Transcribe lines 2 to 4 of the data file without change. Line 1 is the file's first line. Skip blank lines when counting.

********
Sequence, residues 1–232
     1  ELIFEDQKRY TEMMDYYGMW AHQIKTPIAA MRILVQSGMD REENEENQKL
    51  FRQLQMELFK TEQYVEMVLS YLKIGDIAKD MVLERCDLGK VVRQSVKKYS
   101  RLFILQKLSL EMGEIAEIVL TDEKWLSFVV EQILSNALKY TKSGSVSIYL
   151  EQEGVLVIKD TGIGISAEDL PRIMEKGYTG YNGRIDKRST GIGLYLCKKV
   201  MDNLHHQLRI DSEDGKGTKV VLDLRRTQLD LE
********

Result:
     1  ELIFEDQKRY TEMMDYYGMW AHQIKTPIAA MRILVQSGMD REENEENQKL
    51  FRQLQMELFK TEQYVEMVLS YLKIGDIAKD MVLERCDLGK VVRQSVKKYS
   101  RLFILQKLSL EMGEIAEIVL TDEKWLSFVV EQILSNALKY TKSGSVSIYL